Clarity to the Point of Transparency – How “Confidential” Will Your Next Settlement Be?

The Supreme Court of Virginia, in recently deciding the case of Perreault v. The Free Lance Star, 276 Va. 375, 666 S.E.2d 352 (2008), has significantly affected the application of confidential settlement terms in wrongful death claims that will culminate in the filing of a written petition stating the relevant terms, with the Release attached, and a file that will remain open for all the world to see.

All medical malpractice defendants or potential defendants, as well as their respective insurance carriers, want the settlements of claims to remain confidential. For the individual healthcare providers, confidentiality helps to protect their good name and limits the ability of other potential claimants to find and pursue a target with a proven willingness to settle. For the insurance carriers, an added benefit is the restriction on the ability of claimants’ counsel to research the settlement proclivities of any individual carrier.

Because of the nature of the claims at issue, the statutory law of Virginia requires that a Court approve settlements in which the claim is brought for wrongful death, and authorizes approval of such claims brought by a person under a disability. Specifically, as part of the determination of the General Assembly to protect the beneficiaries to the Estate of a wrongful death Decedent-to ensure that all proper beneficiaries are aware of the claim and settlement, and to ensure that claims are not improvidently or hastily settled-Virginia Code – 8.01-55 requires Court approval of the compromise. Because persons under a legal “disability” (i.e., minors, prisoners, or persons under a mental or other incapacity) are deemed incapable of contracting, and to promote oversight of such settlements, Virginia Code – 8.01-424 authorizes Courts to approve such settlements. Such Court approval carries with it potential viewing by the public eye.

In 1988, the Supreme Court of Virginia held in Shenandoah Publishing House, Inc. v. Fanning that the statutory law of the Commonwealth creates a rebuttable presumption of openness to the public of judicial records of civil proceedings. The underlying issue had been whether the trial Court should have entered a protective order sealing various pieces of information and data, as well as the final order approving the settlement of the wrongful death claim that had been brought. The Court tipped the balance in favor of “a societal interest in learning whether compromise settlements are equitable and whether the courts are administering properly the powers conferred upon them” and against the risks of potential damage to professional reputation, emotional damage, or financial harm.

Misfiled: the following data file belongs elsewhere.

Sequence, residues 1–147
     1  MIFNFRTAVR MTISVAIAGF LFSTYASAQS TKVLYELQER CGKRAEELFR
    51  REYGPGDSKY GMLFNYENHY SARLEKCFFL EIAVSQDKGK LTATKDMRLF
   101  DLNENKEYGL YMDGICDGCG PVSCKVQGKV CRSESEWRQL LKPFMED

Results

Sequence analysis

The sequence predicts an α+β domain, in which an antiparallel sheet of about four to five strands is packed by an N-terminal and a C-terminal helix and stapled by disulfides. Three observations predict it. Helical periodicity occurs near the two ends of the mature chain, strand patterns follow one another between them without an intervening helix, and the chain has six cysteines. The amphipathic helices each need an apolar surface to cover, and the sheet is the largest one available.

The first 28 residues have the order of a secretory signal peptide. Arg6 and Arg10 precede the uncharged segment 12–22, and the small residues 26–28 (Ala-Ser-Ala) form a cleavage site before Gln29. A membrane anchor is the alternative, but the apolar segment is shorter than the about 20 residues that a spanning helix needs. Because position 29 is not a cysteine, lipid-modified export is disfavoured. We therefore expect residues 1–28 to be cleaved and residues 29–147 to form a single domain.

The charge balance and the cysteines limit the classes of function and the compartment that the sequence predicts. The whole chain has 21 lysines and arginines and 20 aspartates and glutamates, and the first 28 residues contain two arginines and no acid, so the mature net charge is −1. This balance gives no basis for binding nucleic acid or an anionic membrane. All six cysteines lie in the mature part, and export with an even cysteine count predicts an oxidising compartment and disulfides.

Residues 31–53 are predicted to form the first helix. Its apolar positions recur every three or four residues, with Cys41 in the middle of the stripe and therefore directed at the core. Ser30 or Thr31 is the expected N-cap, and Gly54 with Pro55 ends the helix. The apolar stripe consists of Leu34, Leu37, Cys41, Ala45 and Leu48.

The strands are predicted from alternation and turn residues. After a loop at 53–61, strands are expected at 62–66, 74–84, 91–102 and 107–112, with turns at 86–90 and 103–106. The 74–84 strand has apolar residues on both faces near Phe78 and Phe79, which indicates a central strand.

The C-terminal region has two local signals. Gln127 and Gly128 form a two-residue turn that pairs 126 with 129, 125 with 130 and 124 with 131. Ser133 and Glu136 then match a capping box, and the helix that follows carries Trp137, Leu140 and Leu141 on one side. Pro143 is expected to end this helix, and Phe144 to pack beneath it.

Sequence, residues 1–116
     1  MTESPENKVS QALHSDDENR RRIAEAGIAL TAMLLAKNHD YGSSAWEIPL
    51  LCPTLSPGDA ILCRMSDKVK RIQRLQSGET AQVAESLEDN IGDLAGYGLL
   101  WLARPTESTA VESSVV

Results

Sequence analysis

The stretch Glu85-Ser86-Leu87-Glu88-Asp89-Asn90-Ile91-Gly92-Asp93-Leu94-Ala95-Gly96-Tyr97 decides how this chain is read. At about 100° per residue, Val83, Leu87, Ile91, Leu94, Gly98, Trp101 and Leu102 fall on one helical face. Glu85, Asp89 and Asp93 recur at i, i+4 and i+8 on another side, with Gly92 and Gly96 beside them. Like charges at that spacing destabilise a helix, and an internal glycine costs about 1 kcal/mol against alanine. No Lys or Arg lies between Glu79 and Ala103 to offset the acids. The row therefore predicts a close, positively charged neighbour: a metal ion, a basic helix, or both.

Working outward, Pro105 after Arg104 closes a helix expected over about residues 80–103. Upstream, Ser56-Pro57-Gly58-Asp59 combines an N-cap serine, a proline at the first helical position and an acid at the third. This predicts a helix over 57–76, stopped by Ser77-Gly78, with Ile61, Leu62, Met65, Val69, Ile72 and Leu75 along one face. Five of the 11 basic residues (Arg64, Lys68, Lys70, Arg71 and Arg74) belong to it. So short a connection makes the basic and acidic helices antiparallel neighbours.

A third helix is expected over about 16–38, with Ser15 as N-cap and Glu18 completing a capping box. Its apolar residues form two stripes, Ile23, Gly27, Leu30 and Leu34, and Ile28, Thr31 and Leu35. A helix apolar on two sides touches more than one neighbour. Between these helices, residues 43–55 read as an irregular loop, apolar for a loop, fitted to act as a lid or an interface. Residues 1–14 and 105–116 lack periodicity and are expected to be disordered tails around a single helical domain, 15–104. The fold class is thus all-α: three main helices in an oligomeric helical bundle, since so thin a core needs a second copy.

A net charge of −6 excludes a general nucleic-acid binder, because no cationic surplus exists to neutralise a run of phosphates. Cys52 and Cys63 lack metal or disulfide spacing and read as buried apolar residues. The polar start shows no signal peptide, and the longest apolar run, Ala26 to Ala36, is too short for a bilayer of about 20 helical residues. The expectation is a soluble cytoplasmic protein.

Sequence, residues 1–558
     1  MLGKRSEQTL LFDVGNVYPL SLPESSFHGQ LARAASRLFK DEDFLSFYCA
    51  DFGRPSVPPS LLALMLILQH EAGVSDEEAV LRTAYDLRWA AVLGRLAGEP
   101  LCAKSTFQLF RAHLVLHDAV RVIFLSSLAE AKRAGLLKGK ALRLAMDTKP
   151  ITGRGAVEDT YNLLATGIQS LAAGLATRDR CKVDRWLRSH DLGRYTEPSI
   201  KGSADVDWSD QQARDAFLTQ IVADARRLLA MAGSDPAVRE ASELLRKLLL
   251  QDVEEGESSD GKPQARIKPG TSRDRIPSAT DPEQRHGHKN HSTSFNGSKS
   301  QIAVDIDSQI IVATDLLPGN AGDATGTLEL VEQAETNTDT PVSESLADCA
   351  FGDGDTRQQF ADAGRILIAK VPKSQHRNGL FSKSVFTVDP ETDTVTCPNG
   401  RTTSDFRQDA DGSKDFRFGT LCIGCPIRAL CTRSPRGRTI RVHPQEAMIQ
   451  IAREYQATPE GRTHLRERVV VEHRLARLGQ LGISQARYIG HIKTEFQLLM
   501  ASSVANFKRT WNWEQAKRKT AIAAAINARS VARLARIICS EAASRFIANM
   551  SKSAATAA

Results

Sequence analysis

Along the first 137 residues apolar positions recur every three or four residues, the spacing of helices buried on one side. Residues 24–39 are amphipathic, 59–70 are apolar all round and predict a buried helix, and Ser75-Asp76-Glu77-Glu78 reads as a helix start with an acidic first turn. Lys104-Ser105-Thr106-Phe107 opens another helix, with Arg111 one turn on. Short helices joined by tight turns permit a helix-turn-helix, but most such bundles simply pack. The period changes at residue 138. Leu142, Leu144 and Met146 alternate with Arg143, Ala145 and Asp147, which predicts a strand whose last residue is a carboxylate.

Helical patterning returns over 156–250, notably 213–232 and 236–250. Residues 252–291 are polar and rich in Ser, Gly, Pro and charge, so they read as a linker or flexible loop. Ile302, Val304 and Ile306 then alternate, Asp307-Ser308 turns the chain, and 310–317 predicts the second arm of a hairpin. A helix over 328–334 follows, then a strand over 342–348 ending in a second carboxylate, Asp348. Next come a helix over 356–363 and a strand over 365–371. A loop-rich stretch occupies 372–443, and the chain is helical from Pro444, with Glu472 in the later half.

After the decision of the Supreme Court, courts throughout the Commonwealth varied in their application of Shenandoah Publishing. In some courts, the order approving a wrongful death settlement would be sealed from public view-as long as no one objected. In other courts, the Judge would require that the order remain unsealed. In still other courts, the order might remain unsealed, but the precise terms of the settlement might not be made a part of that unsealed order. This last option became less frequent after the Supreme Court decided the 1995 case of Ramey v. Bobbitt, in which the Court held that, to be binding, a Release had to be made part of a wrongful death settlement approved by a court. In a nutshell, the potential viability of confidentiality had remained murky. Regrettably, the Supreme Court of Virginia recently brought clarity to the issue — at the cost of a large measure of the confidentiality that has traditionally been a part of the settlement of medical malpractice claims.

The Supreme Court of Virginia acted in the case of Perreault v. The Free Lance Star, which involved the approval by the Spotsylvania Circuit Court of the settlement of four separate wrongful death claims. The financial terms in each matter were kept private in sealed versions of the petitions (unsealed versions were redacted such that the financial terms were obscured). The Supreme Court of Virginia applied Code – 8.01-55, Shenandoah Publishing, and Ramey, and held that court approval of a wrongful death claim requires the filing of a written petition that contains the complete and unredacted terms of the compromise settlement. Thus, the file must remain open and must contain a written petition containing all required information, including the financial terms. The case has several significant implications.

Going into the future, it is clear that your bought-and-paid-for confidentiality provision is effective only as to the parties to the immediate proceeding. Because that is the official interpretation of the law, arguably, parties interested in the terms of previous wrongful death settlements (e.g., newspapers or claimants’ counsel) may petition the approving Courts to unseal the relevant pleadings. Also, these principles are likely to be applied to the settlements of claims brought by persons under a disability. The premium that you should be willing to pay for confidentiality and your piece of mind have both just decreased.

Lawrence J. Reaves

Post Author: mark

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